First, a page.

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Experiments in Petri nets - Results from two different tools (changes)

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This experiment compares the results obtained by running the same four Petri nets in two different tools. The four Petri nets are a series of chemical reactions, the first example from the Feinberg Lectures, the biochemical glycolysis pathway, and a simple climate model. The two tools are my Java-based Xholon software, and David Tanzer’s Python script.

Xholon is a general-purpose modeling and simulation tool, with a Petri net mechanism.

The Python script is a much simpler tool focused exclusively on executing Petri net specifications.

Xholon can use JFreeChart to generate charts. The Python script writes its results in comma-separated values (CSV) format, which can be read by most spreadsheet programs. I’m using LibreOffice Calc which comes with Ubuntu Linux, and is able to generate charts from the data. I’ve included the two charts (Xholon/JFreeChart and Python/LibreOffice) for each of the four Petri nets.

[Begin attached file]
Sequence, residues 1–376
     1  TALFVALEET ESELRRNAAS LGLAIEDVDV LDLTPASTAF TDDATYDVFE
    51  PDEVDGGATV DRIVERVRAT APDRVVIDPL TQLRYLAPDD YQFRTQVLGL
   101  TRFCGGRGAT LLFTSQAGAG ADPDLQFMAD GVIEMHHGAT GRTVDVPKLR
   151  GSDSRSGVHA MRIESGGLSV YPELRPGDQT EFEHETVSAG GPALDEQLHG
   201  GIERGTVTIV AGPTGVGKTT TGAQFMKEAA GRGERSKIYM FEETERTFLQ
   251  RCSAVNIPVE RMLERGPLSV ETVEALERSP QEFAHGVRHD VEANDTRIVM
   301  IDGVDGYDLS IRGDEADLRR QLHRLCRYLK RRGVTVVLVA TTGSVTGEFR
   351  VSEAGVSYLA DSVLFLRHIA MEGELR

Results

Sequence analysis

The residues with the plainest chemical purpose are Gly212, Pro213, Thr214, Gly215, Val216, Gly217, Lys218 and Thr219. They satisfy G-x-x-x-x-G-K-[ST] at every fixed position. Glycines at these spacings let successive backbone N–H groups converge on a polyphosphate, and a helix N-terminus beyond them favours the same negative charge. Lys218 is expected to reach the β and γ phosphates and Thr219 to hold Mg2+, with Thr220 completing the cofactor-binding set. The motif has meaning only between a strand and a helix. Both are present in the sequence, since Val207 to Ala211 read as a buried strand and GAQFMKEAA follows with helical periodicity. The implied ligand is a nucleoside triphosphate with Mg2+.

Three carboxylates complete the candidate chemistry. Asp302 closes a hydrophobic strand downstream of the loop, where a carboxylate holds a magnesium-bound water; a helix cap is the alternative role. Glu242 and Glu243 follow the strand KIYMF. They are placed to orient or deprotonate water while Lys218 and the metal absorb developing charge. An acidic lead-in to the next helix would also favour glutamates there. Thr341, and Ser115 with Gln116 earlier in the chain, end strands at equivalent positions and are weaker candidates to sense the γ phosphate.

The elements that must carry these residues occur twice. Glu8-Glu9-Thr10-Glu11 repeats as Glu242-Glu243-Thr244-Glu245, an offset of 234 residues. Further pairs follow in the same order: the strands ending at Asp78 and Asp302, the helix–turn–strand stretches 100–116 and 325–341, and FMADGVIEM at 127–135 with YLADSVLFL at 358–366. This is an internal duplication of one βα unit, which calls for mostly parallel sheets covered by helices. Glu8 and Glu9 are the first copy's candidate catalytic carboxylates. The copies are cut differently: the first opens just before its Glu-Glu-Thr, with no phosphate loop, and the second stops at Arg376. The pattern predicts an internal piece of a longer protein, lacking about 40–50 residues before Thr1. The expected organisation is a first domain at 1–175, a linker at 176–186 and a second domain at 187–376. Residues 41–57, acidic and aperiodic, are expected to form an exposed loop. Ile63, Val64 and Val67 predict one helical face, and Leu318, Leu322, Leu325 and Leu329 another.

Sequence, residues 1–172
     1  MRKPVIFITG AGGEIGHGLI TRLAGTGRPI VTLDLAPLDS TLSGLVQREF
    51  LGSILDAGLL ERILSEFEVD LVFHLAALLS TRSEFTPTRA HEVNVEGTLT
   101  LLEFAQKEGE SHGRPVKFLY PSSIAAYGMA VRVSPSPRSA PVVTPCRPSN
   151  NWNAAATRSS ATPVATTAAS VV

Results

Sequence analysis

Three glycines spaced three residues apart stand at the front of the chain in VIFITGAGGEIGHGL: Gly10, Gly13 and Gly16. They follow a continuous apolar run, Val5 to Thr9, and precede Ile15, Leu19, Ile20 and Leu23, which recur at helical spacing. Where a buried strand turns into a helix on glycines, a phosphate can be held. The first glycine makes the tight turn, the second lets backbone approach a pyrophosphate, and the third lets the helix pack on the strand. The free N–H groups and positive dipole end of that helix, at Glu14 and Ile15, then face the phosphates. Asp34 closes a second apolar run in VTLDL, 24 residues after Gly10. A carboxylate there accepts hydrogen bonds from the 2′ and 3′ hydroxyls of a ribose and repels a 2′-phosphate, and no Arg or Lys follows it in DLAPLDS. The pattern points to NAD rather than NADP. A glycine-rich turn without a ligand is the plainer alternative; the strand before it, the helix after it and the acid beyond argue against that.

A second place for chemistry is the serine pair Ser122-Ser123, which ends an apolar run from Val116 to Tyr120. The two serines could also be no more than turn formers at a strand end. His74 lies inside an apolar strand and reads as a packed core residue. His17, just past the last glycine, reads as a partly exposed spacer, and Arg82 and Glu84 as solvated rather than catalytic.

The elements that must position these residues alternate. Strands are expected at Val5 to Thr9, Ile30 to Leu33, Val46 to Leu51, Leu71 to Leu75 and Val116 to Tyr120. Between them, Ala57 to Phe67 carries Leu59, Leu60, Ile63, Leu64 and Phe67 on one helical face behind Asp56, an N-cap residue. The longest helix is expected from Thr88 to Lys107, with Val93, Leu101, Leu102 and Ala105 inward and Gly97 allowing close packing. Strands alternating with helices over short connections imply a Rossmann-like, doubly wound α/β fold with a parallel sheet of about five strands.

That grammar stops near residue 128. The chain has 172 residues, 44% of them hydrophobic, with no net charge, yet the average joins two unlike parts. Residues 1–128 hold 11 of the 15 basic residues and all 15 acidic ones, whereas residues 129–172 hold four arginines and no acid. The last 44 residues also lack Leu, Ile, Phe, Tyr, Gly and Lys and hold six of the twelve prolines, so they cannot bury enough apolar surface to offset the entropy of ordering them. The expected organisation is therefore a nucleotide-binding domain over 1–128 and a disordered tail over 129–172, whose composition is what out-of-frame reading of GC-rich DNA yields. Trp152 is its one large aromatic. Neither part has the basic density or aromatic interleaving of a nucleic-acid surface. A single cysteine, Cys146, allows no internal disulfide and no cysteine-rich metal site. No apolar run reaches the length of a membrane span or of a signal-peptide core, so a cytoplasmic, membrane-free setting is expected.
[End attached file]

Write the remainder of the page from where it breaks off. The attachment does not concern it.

None of the four Petri nets on this page are particularly realistic at this point in their development. I’ve used them for learning about Petri nets. The glycolysis model and the simple climate model could both be improved to be more domain realistic.

I’m doing this comparison:

  • To test that both tools are working correctly. I’m more confident in the results from my own Xholon software by comparing with the results from David’s software.

  • To explore how their somewhat different runtime use of probablities impacts the results.

TODO add additional discussion on probabilities and differences between the results of the two tools

TODO add Petri net diagrams as used here, or bigraph diagrams as used here, for each of the four models

Chemical Reactions

Part 4 in the Network Theory series by John Baez describes a simple Petri net with three transitions (chemical reactions) and eight states (chemicals). I’ve implemented this model as an XML file so it will run using the Xholon software. The Xholon model is available here.

Xholon can export the model as a Python script, using the format described by David Tanzer for use with his Python software. The exported Python script is included below.